He proceeded to eviscerate Casey’s hopelessly unworkable undue-burden standard:

What constitutes an “undue burden”? How about a “substantial” obstacle? What’s a large fraction? How do you calculate the denominator? What about the numerator? How do we balance a state’s interests in preventing fetal pain, safeguarding the unborn child’s life, and preserving the integrity of its medical profession with a woman’s interest in obtaining an abortion? Should we update the undue burden test as neonatal science teaches us new things? How do you know if a law prohibited a woman from obtaining an abortion or merely persuaded her to choose life? And how can we divine future consequences from pre-enforcement challenges? Each of these questions—and there are many more—layers discretion upon discretion. Put any three judges on a panel and you could get three different—and equally reasonable—answers for each question.

The undue burden test is “hopelessly unworkable in practice.” And it is unworkable because it is neither a clear rule nor a judicially manageable standard. The test has the added vice of being untethered from constitutional or statutory text. Instead, it takes judges out of our Article III role and makes us answer questions better left in the hands of legislatures. The Founders understood the danger of this. So should we. [citations omitted]

Thapar appealed to the Supreme Court to do what he as a circuit judge could not:

Only the Supreme Court can tow our jurisprudence back to the safe harbor of democratic legitimacy. . . .

Justice Holmes once remarked that “a page of history is worth a volume of logic.” The argument that the Constitution contains a right to abortion has neither. As shown above, the historical evidence is clear. The Constitution leaves decisions like this to the states. The state legislatures can do what we can’t: listen to the community, create fact-specific rules with appropriate exceptions, gather more evidence, and update their laws if things don’t work properly. And if the public is unhappy, it can fight back at the ballot box. The courts should return this choice to the American people—where it belongs. [citation omitted]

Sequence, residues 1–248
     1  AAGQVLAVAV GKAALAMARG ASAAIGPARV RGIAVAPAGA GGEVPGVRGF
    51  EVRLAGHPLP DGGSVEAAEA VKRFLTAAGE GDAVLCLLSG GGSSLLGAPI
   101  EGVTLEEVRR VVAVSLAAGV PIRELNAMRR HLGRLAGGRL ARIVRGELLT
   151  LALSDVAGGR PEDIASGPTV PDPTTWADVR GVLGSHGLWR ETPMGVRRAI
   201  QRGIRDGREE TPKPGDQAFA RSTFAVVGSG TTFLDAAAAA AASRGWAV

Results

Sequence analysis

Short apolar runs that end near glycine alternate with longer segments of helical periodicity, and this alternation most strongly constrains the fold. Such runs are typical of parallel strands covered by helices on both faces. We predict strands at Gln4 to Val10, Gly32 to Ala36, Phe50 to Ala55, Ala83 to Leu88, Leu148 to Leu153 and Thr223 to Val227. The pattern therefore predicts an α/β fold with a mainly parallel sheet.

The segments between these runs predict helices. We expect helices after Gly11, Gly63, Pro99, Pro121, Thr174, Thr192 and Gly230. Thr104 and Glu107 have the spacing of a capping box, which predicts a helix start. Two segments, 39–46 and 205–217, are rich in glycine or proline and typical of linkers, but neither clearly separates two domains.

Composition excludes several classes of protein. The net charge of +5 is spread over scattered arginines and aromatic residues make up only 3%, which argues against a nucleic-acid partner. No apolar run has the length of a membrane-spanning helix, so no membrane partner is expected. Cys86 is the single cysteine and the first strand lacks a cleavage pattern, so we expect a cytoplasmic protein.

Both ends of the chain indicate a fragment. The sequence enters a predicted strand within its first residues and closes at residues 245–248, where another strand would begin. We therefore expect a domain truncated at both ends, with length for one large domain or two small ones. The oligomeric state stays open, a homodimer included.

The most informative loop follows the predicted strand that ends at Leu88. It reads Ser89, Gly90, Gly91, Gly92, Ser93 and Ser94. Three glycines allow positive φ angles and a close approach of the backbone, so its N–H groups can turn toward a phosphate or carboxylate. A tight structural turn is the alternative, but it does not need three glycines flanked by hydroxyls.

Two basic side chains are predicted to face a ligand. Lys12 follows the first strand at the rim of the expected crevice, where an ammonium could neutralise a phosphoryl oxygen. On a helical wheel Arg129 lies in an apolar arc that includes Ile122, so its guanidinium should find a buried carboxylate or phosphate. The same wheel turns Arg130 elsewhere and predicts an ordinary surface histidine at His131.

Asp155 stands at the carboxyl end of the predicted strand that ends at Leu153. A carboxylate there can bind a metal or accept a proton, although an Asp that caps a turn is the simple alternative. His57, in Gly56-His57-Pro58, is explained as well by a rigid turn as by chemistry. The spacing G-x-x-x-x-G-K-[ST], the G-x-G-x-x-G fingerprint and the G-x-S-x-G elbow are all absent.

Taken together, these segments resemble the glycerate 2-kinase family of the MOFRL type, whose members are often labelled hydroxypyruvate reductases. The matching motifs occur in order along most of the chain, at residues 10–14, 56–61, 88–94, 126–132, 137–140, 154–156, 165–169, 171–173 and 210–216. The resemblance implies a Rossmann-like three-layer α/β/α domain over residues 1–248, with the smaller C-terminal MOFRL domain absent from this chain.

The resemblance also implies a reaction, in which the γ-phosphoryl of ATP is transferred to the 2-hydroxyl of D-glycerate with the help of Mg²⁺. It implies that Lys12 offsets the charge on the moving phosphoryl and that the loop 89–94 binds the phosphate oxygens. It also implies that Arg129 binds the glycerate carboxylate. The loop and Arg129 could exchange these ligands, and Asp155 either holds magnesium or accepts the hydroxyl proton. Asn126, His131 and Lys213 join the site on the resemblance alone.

Thapar is exactly right that Roe and Casey are wrong as a “matter of constitutional text, structure, and history.” I applaud his thoughtful and well-reasoned opinion explaining just how very harmful it has been to our republic and the Court’s own integrity for the “manufacture[d] right to abortion” of Roe and Casey to move the “policy debates from the country to the courtroom.”

Kudos to him for having the courage to say out loud what most federal judges know well but dare not say.

Law & the Courts

Powerful Opinion by Judge Thapar on Illegitimacy and Unworkability of Roe/Casey Regime


On Friday, a Sixth Circuit panel majority ruled (in Memphis Center for Reproductive Health v. Slatery) that two provisions of Tennessee abortion law are constitutionally impermissible. Specifically, the majority (opinion by Judge Martha Craig Daughtrey, joined by fellow Clinton appointee Karen Nelson Moore) ruled (1) that a ban on post-heartbeat abortions imposes an “undue burden” before viability under Planned Parenthood v. Casey, and (2) that prohibiting abortion when the abortionist “knows” that the pregnant woman “is seeking the abortion because of the sex of the unborn child … because of the race of the unborn child … [or] because of a prenatal diagnosis, test, or screening indicating Down syndrome or the potential for Down syndrome in the unborn child” is impermissibly vague.